Badla: A masterclass in direction and acting

Even though Badla is an adaptation of the 2017 Spanish film, The Invisible Guest, only a storyteller as remarkable as Sujoy Ghosh could’ve told this story. And he needed actors as powerful as Amitabh Bachchan and Taapsee Pannu to play his leads in this whodunnit.

The most striking thing about Badla is that there is no build-up. Whatever you need to know about the premise of the story, about where the characters have come from and how they’re related is told to you in the trailer itself, and exactly that much time is spent in the film, informing us about the same. So we find Naina Sethi (Pannu) stuck in a hotel room with the dead body of her lover, Arjun Joseph (Tony Luke). How did he die? What does Advocate Badal Gupta (Bachchan) have to do with her story? Why is Amrita Singh’s Rani Kaur stuck in this loop, and how does she get out of it?

To make a nail biting, edge of the seat thriller, you need a great director to helm the project, and Sujoy Ghosh is just that. After Kahaani (2012) and Ahalya (short film), you expect Ghosh to throw surprise after surprise at you, i the name of an engaging thriller. And Badla promises to be that. Along with co-writer Raj Vasant, Ghosh pens a screenplay and dialogues that create the perfect amount of tension in the room. In fact, I don’t remember watching a Hindi thriller, after Kahaani, and feeling the tension and anxiety that I felt. What adds as a plus to the narrative is Monisha R. Baldawa’s editing, which is done crisply to the T.

I cannot say anything about the film, in respect to the scenes, because those would end up being spoilers but I do want to address that my favourite scenes have to be those with Taapsee Pannu and Amitabh Bachchan sitting at a table, across each other. There is nothing happening, just normal conversation. But with the calibre of Pannu and Bachchan, they take these scenes to another level altogether.

You do not doubt the acting prowess of Amitabh Bachchan, you just don’t. His voice is captivating, eyes are engaging and expressions are endearing. As Badal Gupta, an advocate trying to help a woman in distress, Bachchan holds the character firmly in his grip and plays the lawyer he is supposed to be. But the way he treats his character is very different from what he’s done in the past, as a lawyer in Pink.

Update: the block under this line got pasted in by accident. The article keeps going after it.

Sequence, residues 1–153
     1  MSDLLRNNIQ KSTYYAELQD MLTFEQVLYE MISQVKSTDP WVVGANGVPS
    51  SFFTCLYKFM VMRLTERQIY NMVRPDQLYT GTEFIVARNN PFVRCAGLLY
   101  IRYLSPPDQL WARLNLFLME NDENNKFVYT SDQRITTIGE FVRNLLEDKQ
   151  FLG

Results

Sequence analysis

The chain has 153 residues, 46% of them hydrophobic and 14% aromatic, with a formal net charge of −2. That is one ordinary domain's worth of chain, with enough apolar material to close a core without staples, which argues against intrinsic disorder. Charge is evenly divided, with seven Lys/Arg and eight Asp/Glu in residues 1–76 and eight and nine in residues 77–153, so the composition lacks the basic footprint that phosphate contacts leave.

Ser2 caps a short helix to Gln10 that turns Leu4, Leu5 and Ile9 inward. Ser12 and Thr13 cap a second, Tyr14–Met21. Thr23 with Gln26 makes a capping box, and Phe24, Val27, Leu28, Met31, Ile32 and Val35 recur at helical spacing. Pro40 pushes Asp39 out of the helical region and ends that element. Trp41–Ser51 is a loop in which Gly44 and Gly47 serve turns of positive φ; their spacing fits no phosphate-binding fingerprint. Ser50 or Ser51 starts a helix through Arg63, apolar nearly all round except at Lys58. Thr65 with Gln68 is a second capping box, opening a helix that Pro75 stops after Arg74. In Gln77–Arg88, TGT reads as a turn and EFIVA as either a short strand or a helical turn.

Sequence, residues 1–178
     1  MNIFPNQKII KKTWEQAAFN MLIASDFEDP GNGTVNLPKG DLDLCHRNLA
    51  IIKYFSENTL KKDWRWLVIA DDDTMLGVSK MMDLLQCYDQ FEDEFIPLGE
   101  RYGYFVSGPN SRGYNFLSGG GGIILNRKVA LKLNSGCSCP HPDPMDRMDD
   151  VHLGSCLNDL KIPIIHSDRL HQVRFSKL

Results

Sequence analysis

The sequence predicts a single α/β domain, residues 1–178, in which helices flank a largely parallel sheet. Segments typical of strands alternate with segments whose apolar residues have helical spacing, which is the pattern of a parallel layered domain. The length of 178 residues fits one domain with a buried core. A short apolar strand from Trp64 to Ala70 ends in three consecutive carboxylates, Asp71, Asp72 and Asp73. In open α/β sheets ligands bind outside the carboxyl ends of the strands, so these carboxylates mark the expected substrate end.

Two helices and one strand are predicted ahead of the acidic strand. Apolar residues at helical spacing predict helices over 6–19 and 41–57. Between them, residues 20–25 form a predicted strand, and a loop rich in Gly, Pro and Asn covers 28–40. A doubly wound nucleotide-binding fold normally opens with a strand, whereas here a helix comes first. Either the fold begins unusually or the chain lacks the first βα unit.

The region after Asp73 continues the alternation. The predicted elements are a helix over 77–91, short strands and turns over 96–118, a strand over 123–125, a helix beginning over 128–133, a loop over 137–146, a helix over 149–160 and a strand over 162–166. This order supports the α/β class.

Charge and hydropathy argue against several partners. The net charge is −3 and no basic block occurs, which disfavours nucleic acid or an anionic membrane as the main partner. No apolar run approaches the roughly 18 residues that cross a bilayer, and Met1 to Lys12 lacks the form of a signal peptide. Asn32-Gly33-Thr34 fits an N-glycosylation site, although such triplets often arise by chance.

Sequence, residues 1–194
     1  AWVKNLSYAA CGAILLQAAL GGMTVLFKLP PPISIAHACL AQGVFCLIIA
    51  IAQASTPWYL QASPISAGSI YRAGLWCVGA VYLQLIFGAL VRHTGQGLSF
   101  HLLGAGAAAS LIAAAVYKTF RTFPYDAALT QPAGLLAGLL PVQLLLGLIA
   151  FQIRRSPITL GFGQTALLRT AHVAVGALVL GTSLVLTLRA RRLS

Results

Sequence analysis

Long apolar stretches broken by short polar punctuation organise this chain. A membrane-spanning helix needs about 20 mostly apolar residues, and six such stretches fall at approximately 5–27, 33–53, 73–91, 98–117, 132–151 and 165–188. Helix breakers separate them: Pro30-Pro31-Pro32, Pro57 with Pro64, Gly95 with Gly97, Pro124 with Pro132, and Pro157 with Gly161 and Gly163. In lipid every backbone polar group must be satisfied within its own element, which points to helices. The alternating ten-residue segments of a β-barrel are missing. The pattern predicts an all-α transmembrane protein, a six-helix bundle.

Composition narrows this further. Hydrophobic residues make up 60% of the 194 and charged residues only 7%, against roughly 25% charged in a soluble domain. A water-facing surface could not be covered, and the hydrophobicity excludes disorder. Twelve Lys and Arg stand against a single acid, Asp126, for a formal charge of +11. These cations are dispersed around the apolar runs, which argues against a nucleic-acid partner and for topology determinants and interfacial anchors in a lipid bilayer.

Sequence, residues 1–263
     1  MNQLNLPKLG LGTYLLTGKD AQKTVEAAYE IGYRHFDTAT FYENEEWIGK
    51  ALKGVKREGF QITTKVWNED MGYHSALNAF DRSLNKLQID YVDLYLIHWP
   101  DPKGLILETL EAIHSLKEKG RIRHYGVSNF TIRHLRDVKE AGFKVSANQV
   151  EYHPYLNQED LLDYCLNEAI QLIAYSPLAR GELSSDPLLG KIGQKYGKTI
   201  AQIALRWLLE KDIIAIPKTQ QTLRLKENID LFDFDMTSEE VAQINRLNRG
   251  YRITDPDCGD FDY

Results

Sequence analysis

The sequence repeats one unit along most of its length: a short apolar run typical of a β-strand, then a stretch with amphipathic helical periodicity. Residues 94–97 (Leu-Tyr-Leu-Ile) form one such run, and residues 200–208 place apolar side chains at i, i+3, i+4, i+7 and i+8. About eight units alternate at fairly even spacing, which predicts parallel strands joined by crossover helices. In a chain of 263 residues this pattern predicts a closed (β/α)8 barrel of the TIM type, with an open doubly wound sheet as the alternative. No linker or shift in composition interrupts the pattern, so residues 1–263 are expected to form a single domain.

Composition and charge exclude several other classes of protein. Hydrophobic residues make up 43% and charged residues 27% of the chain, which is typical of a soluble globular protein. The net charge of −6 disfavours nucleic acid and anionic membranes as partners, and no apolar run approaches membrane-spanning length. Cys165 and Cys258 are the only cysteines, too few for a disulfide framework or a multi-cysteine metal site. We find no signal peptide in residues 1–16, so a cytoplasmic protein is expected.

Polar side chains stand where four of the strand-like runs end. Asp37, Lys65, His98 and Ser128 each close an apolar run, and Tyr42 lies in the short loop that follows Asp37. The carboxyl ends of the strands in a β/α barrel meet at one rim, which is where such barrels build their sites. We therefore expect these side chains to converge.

Complementing Big B in every step is Taapsee Pannu. She gets more screen time than he does, she has more to do, and shines as much. Over the years, with her choice of films, Pannu has proved that there indeed are very few actors who can do what she can. As Naina Sethi, she is supposed to maintain a straight face while she engages in conversations, moves about town, attends business meeting and plays with her daughter. Naina is not boisterous as Rumi (Manmarziyaan), neither is she a patriot like Aarti (Mulk). She’s stubborn, has a head of her own and will not succumb to things just because she’s supposed to. And Taapsee Pannu is all of this and so much more. As I pointed out, what stuns me the most is how this woman can keep such a straight face an emote so much at the same time. In a thriller, this can go terribly wrong, but with Pannu, it doesn’t. She makes sure that her straight face emotions are intentional and it doesn’t look like she’s giving away too much.

There also is the wonderful Amrita Singh, who plays Rani Kaur, a woman stuck between all that is right and wrong. Singh gives a terrific, and a very comfortable performance in the little she’s been given to do.

Watch out for the scenes between Bachchan and Pannu. They’re the best one. In just one frame, you see such an outburst of talent, of craft, of love for one’s craft that it seems almost unreal, almost magical. And though, towards the wrap up, the film does lose its grip, you wait for the climax to unfold.

All in all, Sujoy Ghosh’s Badla is definitely worth your time because it may be a classic whodunnit, but with such direction, editing and acting, you’re in for a ride. So, hold on to your seat!

If I had to rate the film, 10 minutes, is all I want with Taapsee Pannu, to sit down and ask her, how does she do what she does. How!

3 Stars


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